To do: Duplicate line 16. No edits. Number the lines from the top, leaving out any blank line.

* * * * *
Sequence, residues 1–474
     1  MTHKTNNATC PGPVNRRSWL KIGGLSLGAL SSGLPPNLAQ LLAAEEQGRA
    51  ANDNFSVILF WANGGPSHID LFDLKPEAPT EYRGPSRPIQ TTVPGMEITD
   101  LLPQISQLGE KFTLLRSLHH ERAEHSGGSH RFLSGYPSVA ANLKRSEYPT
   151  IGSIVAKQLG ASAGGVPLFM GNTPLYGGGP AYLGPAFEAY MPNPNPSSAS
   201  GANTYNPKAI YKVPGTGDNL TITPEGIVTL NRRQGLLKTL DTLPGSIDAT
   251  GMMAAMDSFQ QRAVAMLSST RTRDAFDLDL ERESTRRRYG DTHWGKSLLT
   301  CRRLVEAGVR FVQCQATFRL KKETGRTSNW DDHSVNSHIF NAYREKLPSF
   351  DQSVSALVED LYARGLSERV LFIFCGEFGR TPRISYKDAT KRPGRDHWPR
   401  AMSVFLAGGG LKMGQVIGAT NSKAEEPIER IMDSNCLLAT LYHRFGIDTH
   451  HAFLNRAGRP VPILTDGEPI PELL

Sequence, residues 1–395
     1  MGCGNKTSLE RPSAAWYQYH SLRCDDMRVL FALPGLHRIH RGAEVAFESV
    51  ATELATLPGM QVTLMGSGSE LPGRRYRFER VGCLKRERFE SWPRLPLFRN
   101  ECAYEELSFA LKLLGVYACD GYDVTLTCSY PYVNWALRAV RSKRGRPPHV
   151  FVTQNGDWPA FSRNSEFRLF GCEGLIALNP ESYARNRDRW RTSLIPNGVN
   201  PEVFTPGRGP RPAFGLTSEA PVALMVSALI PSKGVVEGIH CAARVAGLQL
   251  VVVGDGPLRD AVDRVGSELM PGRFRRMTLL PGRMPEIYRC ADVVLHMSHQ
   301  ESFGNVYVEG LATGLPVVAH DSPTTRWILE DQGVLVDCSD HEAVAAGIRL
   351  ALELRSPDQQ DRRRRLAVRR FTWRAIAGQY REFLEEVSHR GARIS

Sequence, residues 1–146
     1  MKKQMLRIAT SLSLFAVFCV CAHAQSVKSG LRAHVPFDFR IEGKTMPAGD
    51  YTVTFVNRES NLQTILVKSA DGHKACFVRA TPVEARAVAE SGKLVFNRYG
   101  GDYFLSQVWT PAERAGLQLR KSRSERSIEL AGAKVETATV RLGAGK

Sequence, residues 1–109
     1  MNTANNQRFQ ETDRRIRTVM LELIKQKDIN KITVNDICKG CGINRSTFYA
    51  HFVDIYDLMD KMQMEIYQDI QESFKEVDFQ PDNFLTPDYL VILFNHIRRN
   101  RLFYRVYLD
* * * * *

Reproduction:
   151  FVTQNGDWPA FSRNSEFRLF GCEGLIALNP ESYARNRDRW RTSLIPNGVN